We took the 7 train from Grand Central to Flushing. Walking down the boardwalk-ish ramp from the subway to the stadium I was impressed with the abundance of black, blue, orange, and white walking along with me. Even late in a nightmarish season in Queens (and it got worse on Saturday), Mets fans dress correctly for games. Moving from the ramp to the stadium entrance, i was told by a man with a megaphone and some big signs that I need to get my life right to avoid hellfire. Whats so wrong with my life that this dude is shouting at me with a megaphone? Maybe he was upset that I've been neglecting my blog. Do they read my blog in heaven? Do the postings on have some impact on my eternal standing? If so, I'd like to point out that I'm kind to my mother, I avoid littering, and I've never abused those "give a penny, take a penny" trays at fast food joints.

So, if megaphone man was trying to call me to repentence for lax blogging, it didn't work. What actually shook me out of my torper was a simple, humble question posed to me by a friend that I met up with at Citi Field. "So are you still doing your blog? I enjoyed reading it." Its not the first time that I've gotten that during this dry spell. But, given the setting (lower deck first base side seats, 8th inning, Mets rallying to tie the score against the Giants bullpen, perfect sunny july afternoon) I vowed to myself that a new entry for this site would soon appear.

And here it is.

Saturday was a rough day for baseball players' heads. Dodger righthander Hiroki Kuroda took a hot smash off of his noggin and headed straight for the hospital. Ian Kinsler was welcomed back from the disabled list with a heater on top of his helmet. And David Wright, two days after telling the New York Times that he would welcome the chance to wear new safer (if uglier) batting helmets, was on the receiving end of a 93mph Matt Cain fastball which, as of this writing, seems likely to have ended his season.

Mr. Wright's misfortune is of particular interest. I saw and heard it happen. From where i was perched in the 4th inning of yesterdays game ($72 seats in the second deck in left field. we didn't move to the lower deck until the 8th inning) Cain's wayward offering to Wright sounded like it had hit the Mets' last remaining healthy mega-star's bat. It made that crisp click. When Wright collapsed in a heap, not moving, and Cain immediately assumed a concerned crouch halfway between the mound and home plate, and 40,000+ New Yorkers instantly became deathly silent it was clear that the ball had hit something far more important than the All-Star's lumber.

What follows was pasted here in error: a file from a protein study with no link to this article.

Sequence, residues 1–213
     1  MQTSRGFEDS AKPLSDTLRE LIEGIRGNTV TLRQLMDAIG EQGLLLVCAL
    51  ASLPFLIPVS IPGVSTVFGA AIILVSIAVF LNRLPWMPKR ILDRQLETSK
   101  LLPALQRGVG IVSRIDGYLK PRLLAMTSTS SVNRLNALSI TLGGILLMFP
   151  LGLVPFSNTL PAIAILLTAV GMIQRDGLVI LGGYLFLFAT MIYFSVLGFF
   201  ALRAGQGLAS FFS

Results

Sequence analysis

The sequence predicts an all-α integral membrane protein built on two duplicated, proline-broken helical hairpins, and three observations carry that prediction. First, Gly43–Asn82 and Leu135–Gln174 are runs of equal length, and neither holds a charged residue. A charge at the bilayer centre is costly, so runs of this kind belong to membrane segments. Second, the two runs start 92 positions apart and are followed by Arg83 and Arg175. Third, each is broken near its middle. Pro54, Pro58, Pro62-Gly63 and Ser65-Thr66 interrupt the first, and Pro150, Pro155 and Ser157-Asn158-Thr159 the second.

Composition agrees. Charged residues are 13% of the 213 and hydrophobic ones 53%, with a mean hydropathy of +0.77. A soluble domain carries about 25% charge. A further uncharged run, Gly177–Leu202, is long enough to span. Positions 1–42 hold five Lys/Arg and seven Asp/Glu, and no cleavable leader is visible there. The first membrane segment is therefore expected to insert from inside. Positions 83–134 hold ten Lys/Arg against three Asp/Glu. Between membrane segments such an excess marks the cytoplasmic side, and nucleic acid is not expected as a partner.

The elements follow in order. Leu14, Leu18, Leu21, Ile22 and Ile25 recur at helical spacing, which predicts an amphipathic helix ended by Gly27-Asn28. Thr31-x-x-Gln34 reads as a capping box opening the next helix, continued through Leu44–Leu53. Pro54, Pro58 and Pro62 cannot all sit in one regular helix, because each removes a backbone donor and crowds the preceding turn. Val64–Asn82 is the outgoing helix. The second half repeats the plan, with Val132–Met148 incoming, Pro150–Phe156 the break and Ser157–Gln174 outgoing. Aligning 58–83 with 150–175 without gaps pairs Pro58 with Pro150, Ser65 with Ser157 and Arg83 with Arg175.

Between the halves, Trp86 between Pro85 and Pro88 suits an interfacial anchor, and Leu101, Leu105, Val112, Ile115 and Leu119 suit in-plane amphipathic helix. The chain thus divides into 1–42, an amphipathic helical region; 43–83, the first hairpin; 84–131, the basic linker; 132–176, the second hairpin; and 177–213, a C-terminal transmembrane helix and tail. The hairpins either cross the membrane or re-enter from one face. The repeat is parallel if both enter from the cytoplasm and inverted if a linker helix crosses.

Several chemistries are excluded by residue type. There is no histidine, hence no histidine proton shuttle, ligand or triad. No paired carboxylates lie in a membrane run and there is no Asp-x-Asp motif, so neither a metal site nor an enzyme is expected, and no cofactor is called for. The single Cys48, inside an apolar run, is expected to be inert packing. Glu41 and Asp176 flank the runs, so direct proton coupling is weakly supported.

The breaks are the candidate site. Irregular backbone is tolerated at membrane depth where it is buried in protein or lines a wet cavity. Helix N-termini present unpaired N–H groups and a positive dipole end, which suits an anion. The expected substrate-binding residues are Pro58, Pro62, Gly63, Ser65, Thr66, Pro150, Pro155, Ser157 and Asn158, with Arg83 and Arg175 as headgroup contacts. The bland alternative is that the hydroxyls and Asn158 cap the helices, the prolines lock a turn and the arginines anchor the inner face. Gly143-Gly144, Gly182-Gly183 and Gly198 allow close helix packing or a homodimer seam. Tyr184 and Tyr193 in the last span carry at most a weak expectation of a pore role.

The stunned crowd wasn't ever quite the same after Wright left the game with what we later learned is a humdinger of a concussion. The Mets grabbed a 1-0 lead soon after Wright left, but after a rough 6th inning, the Giants held a 3-1 lead. Citi Field started to take on a very funeral-esque feel. The only times the crowd became animated were when opportunities arose to boo Matt Cain during his at-bats. Met fans were headed for the exits in surprisingly large numbers before their team staged a dramatic 8th inning rally to tie the score.

Ordinarily, I would stand on my soapbox over such a display of poor form on the part of fans and i would quote an old beer commercial which declares "He who leaves early misses the miracle!" Those fans who bolted Citi Field before the Mets put up 3 in the 8th to tie the game did indeed miss some excitement. But, I'm inclined to give them a pass on this one. With Wright's injury, the Mets now have the single most star-studded disabled list in the history of disabled lists. Jose Reyes, Carlos Delgado, Carlos Beltran, JJ Putz, Billy Wagner. Now, David Wright. Its quite a list. And that doesn't even mention all of the role players and pitchers who are ailing. I don't blame Mets fans for being a little quick to flee the premises on Saturday. After a season in which their promising star-filled team has been dropping like flies, seeing David Wright sprawled out in the dust of the batters box may have been too much to take.

I'm no Mets rooter, in fact, I cringed every time the Citi Field announcer made a reference to the 1969 World Series. But, even I hate to see the way 2009 has unfolded for the Amazins. No fan base deserves to watch their heroes fall one-by-one. No one deserves to have to watch each game with the sick feeling in their stomach of "Dear Lord, not another injury, PLEASE!!" Its sad.

And, insult to injury. As if this season wasn't rough enough for the team's fans already. Saturday's defeat provided a clear allusion to the excruciating manner in which the Mets lost the 2006 NLCS to a vastly-inferior St Louis Cardinals team. After rallying to tie the score on Saturday, the Mets lost 4-3 in 10 innings on a homerun by a catcher named Molina.